ZACKS (ISAAC) NKOSI was a legend in his own time. His name was, and still is, a household word throughout the country.
The reason for Zacks' tremendous popularity was that he played his own sax, he had his own distinctive style and he wrote his own music. He had a highly individual style that made him streets ahead of all his contemporaries in the same field. He had the ability to interpret any harmonic structures of a given melody and leave the listener wondering how any one man can be so gifted. He had tremendous creativeness and yet played with such simplicity, this is reflective on all his past recordings.
Zacks could play any type of music - from progressive jazz, to pop ,to pure improvisation. He could also play with equal dexterity indigenous music, such as mbaqanga which again is reflective of the maestro's gift of song, versatility and fingering dexterity.
In our limitless world of "AFRICAN JAZZ" we cannot but applaud the singularity of this giant jazzman who had dedicated his life to uplifting the standard of his native repertoire, "OUR KIND OF JAZZ".
His son, Jabu, is just as gifted as his father, and his piano and organ playing on this album enhances the quality beyond belief.
We proudly present this musical legend of more than three decades and are confident that his music will linger eternally in the minds of his thousands of fans.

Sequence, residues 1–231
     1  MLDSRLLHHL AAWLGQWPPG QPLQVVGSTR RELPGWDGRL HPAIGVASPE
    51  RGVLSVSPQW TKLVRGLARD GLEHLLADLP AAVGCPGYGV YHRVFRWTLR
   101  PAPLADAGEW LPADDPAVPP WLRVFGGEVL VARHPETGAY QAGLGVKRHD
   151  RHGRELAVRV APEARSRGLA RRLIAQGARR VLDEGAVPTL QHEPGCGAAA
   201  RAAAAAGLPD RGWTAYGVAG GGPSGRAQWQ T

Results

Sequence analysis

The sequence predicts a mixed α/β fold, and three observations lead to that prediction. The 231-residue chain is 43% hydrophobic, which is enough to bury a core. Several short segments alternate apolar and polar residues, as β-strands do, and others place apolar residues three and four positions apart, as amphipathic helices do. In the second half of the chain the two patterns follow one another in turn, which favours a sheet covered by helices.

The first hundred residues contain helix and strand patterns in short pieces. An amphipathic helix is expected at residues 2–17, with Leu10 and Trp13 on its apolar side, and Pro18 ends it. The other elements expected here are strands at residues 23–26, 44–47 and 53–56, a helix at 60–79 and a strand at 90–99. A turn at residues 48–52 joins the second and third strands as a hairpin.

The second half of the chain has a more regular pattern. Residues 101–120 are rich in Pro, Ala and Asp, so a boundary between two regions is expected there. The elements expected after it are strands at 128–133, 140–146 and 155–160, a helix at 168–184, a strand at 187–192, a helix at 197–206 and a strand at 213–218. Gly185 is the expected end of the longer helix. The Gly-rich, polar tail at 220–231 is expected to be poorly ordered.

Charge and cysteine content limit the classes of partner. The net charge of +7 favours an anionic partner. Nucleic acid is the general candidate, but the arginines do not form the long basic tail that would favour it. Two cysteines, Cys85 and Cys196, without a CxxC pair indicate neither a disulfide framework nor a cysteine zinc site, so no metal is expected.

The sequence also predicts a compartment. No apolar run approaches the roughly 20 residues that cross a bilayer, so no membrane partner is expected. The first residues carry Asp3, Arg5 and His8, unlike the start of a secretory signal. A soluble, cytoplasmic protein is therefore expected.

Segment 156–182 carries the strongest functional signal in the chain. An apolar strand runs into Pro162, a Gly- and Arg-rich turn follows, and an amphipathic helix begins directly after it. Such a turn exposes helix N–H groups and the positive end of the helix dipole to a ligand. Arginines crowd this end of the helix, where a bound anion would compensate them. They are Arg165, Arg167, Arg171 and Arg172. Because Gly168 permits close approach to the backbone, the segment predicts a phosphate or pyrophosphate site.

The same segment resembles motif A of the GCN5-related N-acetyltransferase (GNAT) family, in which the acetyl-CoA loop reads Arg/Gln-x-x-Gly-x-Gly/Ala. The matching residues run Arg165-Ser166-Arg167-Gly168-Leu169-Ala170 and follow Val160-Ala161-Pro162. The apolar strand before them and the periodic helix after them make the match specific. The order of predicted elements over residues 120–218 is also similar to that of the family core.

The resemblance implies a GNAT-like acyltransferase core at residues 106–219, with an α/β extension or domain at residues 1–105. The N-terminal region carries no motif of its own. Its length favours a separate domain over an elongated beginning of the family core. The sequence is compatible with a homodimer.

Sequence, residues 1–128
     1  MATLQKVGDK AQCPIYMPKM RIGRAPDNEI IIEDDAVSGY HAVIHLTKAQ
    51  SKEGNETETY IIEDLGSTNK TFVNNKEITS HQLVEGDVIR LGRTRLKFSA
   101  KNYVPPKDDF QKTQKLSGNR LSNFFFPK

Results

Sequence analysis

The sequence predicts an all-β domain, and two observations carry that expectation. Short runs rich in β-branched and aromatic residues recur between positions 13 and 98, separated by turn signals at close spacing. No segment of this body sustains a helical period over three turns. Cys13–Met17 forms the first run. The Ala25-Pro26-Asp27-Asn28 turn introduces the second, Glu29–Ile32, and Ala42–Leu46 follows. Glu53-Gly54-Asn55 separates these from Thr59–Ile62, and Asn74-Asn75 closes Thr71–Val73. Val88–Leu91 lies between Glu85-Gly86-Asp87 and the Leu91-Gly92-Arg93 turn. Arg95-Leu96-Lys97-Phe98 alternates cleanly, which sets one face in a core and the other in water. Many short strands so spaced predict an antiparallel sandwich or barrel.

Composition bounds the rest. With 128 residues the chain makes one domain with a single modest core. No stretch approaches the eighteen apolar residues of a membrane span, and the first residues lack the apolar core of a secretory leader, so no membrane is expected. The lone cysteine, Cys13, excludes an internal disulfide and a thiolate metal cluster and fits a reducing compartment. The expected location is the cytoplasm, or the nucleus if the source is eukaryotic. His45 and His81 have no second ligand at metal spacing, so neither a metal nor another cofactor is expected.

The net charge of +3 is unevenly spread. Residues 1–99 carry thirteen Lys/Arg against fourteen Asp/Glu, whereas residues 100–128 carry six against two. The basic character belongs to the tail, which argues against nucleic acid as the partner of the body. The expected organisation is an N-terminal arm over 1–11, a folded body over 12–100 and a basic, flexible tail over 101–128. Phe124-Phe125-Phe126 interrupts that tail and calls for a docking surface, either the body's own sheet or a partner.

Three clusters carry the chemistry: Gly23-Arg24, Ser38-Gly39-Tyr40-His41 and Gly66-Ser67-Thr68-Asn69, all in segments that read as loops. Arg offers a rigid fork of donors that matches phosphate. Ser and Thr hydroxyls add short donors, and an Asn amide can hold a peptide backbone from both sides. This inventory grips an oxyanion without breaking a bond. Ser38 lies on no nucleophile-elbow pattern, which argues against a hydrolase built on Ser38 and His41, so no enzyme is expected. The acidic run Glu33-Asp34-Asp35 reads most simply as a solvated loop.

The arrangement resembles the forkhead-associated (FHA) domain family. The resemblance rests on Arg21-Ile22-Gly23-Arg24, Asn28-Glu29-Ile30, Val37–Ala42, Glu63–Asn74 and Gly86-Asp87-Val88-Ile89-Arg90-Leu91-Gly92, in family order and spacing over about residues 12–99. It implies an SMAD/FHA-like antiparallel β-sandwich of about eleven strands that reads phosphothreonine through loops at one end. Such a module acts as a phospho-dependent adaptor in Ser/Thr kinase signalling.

Produced by Hamilton Nzimande
Recorded by Peter Ceronio
Recorded July 30, 1976
Recorded October 20, 1975
According to Rob Allingham, the 1975-76 sessions were Zacks Nkosi's last before his death in 1978 (Huskisson has his death on April 5th, 1980) and were released as two albums. The second, Our Kind of Jazz '77 was repackaged after Nkosi's death and retitled: A Tribute to Zacks Nkosi — Our Kind of Jazz Vol.1, the album pictured here.
This album should not be confused with another classic record, Our Kind of Jazz which was Zacks Nkosi's first formal album consisting of a compilation of tracks that were originally released between 1956 and 1964 on 78 rpm.
Zack's Nkosi, a legend of early African jazz and mbaqanga, was born in Alexandra township, Johannesburg in 1925. He received his first saxophone at the age of 15 and soon was performing with the Havana Group. After working with the Blue Diamond Jazz Band, Nkosi was invited to audition at the Bantu Men's Social Centre for Solomon Zuluboy Cele's Jazz Maniacs, the premium jazz band of it's time. He joined the Maniacs in 1940 and soon became their leading saxophonist. According to Yvonne Huskisson, after Cele's death in 1944, Nkosi became the Maniacs leader, though this account is contradicted by Horst Bergmeier who maintained that Wilson Silgee assumed leadership of the group. Silgee would go on to form his own group, King Force Silgee's Jazz Forces, and it is notable that Nkosi also performed with this group.
In 1956 Nkosi formed two groups, Zacks and his Sextet and the City Jazz Nine, to concentrate primarily on commercial recordings.
This album features some of South Africa's most prominent musicians, including amongst others, Barney Rachabane, Sipho Gumede and Jabu Nkosi (Zack's son).
The Masterpiece reissue label incorrectly dates the original issue as 1974, however the African Classics reissue gives the exact dates of the two sessions as well as all the performers involved.